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Annual Clinical Updates in Hematological Malignancies
World Health Organization-defined eosinophilic disorders: 2012 update on diagnosis, risk stratification, and management†
Article first published online: 23 AUG 2012
Copyright © 2012 Wiley Periodicals, Inc.
American Journal of Hematology
Volume 87, Issue 9, pages 903–914, September 2012
How to Cite
Gotlib*, J. (2012), World Health Organization-defined eosinophilic disorders: 2012 update on diagnosis, risk stratification, and management. Am. J. Hematol., 87: 903–914. doi: 10.1002/ajh.23293
- Issue published online: 23 AUG 2012
- Article first published online: 23 AUG 2012
- Manuscript Accepted: 12 JUN 2012
- Manuscript Received: 9 JUN 2012
Disease overview: The eosinophilias encompass a broad range of nonhematologic (secondary or reactive) and hematologic (primary, clonal) disorders with potential for end-organ damage.
Diagnosis: Hypereosinophilia has generally been defined as a peripheral blood eosinophil count greater than 1,500/mm3 and may be associated with tissue damage. After exclusion of secondary causes of eosinophilia, diagnostic evaluation of primary eosinophilias relies on a combination of morphologic review of the blood and marrow, standard cytogenetics, fluorescent in situ-hybridization, flow immunocytometry, and T-cell clonality assessment to detect histopathologic or clonal evidence for an acute or chronic myeloid or lymphoproliferative disorder.
Risk stratification: Disease prognosis relies on identifying the subtype of eosinophilia. After evaluation of secondary causes of eosinophilia, the 2008 World Health Organization establishes a semimolecular classification scheme of disease subtypes including “myeloid and lymphoid neoplasms with eosinophilia and abnormalities of PDGFRA, PDGFRB, or FGFR1,” chronic eosinophilic leukemia, not otherwise specified' (CEL, NOS), lymphocyte-variant hypereosinophilia, and idiopathic hypereosinophilic syndrome (HES), which is a diagnosis of exclusion.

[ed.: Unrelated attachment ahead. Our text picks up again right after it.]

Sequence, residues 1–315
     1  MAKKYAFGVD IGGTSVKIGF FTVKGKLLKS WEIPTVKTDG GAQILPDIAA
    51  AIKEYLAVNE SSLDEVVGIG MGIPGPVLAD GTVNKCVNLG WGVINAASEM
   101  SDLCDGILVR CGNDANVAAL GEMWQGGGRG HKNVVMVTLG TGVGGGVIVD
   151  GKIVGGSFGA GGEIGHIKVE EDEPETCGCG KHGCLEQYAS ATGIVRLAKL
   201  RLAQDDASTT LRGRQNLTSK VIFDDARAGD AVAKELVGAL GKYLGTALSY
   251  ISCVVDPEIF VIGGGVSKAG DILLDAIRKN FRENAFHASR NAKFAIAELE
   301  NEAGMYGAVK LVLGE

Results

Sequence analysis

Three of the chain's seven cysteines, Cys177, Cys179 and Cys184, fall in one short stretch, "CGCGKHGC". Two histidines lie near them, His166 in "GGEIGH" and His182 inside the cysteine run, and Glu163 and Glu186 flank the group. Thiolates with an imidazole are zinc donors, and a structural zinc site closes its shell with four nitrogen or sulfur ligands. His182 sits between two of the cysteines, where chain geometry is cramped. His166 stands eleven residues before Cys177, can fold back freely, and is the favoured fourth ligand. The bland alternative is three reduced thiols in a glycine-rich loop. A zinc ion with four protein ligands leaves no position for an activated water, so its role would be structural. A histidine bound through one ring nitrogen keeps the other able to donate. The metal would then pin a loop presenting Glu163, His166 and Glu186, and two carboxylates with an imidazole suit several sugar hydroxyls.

Risk-adapted therapy: The goal of therapy is to mitigate eosinophil-mediated organ damage. For patients with milder forms of eosinophilia (e.g., <1,500/mm3) without symptoms or signs of organ involvement, a watch and wait approach with close-follow-up may be undertaken. Identification of rearranged PDGFRA or PDGFRB is critical because of the exquisite responsiveness of these diseases to imatinib. Corticosteroids are first-line therapy for patients with lymphocyte-variant hypereosinophilia and HES. Hydroxyurea and interferon-alpha have demonstrated efficacy as initial treatment and steroid-refractory cases of HES. In addition to hydroxyurea, second line cytotoxic chemotherapy agents and hematopoietic cell transplant have been used for aggressive forms of HES and CEL with outcomes reported for limited numbers of patients. Although clinical trials have been performed with anti IL-5 (mepolizumab) and anti-CD52 (alemtuzumab) antibodies, their therapeutic role in primary eosinophilic diseases and HES has yet to be established. Am. J. Hematol. 2012. © 2012 Wiley Periodicals, Inc.